There is a reason people invest so much time and effort into a television set. It holds the precious world of entertainment inside it. It’s a portal to fictional worlds that help us to escape the monotony of our every day lives. We can bask in the glow of an employee sticking it to his boss and walking out of his dead end job to go discover himself; rebellious characters do things we can only fantasize about. They can break the law and defy physics while we sit on our couches eating popcorn.
Then there are the shows that we are so over. You know, the ones that we have been watching for years and invested so much our emotions into only to feel let down season after season. We’ve seen new characters get unwarranted attention while our favorites take a back seat; writers squash any sort of good development for the characters; and see story arcs come into the picture only to realize halfway through the season that they will lead nowhere and there only to take up time. It’s devastating. After all you’re supposed to become attached to these fictional people and the world around them. Some shows degrade over time simply because they’re too popular to end and instead decide to be hollow shells of what could have been an epic series if only the show had ended on top. What started out as a passionate addiction slowly deteriorates and soon you see the newest episode has already aired but you completely forgot about it.
These four shows were once incredibly popular only to see the quality shift to the point where you actually hate the characters and revel in seeing them suffer. Poor things. They just didn’t know where to find good writers.
By time The Office’s final season rolled around, people had long given up on being entertained by it. The show’s decline is often attributed to Steve Carell’s departure (rightly so) but it had become rather stagnant before then. However, Michael Scott proved to be the glue that held the series’ charm and wit together and once he was gone, so was the unique humor viewers had come to love.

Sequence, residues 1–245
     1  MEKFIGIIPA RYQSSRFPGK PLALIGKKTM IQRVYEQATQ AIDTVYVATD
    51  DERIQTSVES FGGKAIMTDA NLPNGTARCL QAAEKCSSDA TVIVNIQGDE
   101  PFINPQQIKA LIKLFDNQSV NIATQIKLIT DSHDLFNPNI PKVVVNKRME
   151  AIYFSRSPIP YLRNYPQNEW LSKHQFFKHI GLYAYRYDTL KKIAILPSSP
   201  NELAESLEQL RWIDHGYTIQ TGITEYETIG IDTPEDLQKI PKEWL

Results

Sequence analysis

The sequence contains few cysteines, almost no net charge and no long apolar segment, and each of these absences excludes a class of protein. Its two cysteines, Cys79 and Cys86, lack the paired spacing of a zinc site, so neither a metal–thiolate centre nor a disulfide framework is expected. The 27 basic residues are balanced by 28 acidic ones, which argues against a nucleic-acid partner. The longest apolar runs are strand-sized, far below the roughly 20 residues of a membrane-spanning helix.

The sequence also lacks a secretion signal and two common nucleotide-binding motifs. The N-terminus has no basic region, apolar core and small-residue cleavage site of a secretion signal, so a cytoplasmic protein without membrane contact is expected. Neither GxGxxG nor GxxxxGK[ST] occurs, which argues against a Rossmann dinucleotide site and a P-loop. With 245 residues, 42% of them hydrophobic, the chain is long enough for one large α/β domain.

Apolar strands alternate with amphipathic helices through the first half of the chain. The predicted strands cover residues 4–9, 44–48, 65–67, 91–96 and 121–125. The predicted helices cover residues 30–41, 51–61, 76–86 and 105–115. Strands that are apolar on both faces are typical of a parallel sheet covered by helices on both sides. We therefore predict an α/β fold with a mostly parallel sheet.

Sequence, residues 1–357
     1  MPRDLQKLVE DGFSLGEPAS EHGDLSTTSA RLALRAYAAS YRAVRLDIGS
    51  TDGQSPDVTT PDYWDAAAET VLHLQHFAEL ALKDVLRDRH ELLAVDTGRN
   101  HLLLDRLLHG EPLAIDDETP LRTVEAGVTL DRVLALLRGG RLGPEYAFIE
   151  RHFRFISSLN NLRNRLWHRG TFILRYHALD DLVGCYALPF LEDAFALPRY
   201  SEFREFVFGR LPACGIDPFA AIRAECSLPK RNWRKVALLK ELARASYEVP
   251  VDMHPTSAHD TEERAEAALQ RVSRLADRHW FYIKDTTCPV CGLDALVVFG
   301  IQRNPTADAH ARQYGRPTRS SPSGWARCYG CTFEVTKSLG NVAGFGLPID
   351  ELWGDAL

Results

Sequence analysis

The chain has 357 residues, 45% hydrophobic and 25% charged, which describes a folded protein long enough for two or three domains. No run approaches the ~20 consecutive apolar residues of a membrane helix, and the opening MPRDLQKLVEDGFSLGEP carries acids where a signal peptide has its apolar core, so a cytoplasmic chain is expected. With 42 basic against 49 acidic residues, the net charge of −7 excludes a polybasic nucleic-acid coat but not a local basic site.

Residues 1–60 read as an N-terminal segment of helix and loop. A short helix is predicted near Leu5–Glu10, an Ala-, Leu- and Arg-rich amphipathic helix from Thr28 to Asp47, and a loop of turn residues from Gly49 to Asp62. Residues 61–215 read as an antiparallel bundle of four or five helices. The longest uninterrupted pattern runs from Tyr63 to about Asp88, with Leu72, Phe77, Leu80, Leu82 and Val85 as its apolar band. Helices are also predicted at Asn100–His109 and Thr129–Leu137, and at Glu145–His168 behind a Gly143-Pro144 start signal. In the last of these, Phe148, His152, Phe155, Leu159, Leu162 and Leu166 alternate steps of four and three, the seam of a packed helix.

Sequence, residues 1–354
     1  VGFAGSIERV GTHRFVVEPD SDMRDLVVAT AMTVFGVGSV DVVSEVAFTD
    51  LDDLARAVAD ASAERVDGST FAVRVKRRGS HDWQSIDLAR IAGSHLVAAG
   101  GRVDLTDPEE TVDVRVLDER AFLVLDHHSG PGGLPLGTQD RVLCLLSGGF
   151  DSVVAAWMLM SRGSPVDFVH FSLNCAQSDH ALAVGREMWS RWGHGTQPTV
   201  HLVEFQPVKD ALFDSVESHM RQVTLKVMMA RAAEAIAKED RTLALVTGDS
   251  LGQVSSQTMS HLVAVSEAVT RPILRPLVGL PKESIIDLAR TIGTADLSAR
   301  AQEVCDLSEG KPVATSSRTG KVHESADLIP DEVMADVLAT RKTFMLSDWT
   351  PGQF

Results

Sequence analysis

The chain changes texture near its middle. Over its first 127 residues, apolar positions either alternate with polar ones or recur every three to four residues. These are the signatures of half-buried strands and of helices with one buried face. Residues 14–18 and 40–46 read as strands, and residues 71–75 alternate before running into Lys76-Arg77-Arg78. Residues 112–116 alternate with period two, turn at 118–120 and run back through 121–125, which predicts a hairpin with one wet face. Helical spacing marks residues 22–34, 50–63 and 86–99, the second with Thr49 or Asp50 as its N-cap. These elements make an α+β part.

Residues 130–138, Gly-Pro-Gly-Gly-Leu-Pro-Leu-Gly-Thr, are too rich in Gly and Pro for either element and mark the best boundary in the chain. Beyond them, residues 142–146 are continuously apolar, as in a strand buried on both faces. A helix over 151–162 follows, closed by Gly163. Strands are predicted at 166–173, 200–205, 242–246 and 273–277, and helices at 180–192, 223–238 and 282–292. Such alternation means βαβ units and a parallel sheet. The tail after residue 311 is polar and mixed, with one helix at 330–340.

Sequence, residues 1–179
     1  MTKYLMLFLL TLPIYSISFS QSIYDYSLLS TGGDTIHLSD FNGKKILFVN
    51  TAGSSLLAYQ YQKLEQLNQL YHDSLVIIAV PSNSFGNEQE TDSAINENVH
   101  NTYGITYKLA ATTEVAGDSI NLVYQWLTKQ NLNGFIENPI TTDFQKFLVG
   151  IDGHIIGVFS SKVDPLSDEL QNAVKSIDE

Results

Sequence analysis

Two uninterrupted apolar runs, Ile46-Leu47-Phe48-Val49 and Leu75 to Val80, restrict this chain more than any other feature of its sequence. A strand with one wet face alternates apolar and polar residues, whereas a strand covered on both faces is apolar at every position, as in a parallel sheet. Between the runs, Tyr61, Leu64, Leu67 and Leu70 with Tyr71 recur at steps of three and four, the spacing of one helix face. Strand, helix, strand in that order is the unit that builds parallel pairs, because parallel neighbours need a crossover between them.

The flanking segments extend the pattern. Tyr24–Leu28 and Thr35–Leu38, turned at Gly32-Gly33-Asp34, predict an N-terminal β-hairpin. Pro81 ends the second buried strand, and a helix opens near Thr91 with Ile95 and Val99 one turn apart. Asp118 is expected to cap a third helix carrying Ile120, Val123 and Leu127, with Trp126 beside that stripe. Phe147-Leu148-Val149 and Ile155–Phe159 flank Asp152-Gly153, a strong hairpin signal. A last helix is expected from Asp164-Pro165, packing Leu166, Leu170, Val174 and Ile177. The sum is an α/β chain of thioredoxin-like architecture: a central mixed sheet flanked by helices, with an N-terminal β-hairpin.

Once Carell decided to leave, the writers had an opportunity to reinvent the show. But they failed. So, so hard. By time the show ended, there were hardly any likable characters and the character developments had either become stumped and/or regressed back into early seasons of irritation. It became the Pam and Jim show with the other characters just happening to be around them; Andy’s hard earned character development fell back into his season 3 level of annoying; and you can actually see Kevin getting borderline retarded as the seasons went on. Sure there were some good moments but the addition of annoying new characters (Nellie, Gabe, Robert California) getting screen time while the others suffered just made the last two season almost painful to watch.
Has there ever been a show with such potential as LOST? Probably, but for the sake of argument, let’s say no. LOST was everyone’s go-to show on Wednesdays and the first season is by far one of the most interesting seasons of any show ever. Though the show went on for six seasons, fans were aggravated at the lack of answers the show provided. The entire series felt as though it were made up on the spot and the addition of new characters, time travel and alternate worlds did nothing to help ease the irritation. Sure it was unique, but in the end, fans were left feeling empty and scratching their heads. In a way, this show serves as an example of what happens when you don’t expect your product to become a sensation and having to scramble to make sense of what is essentially an acid trip into something clever.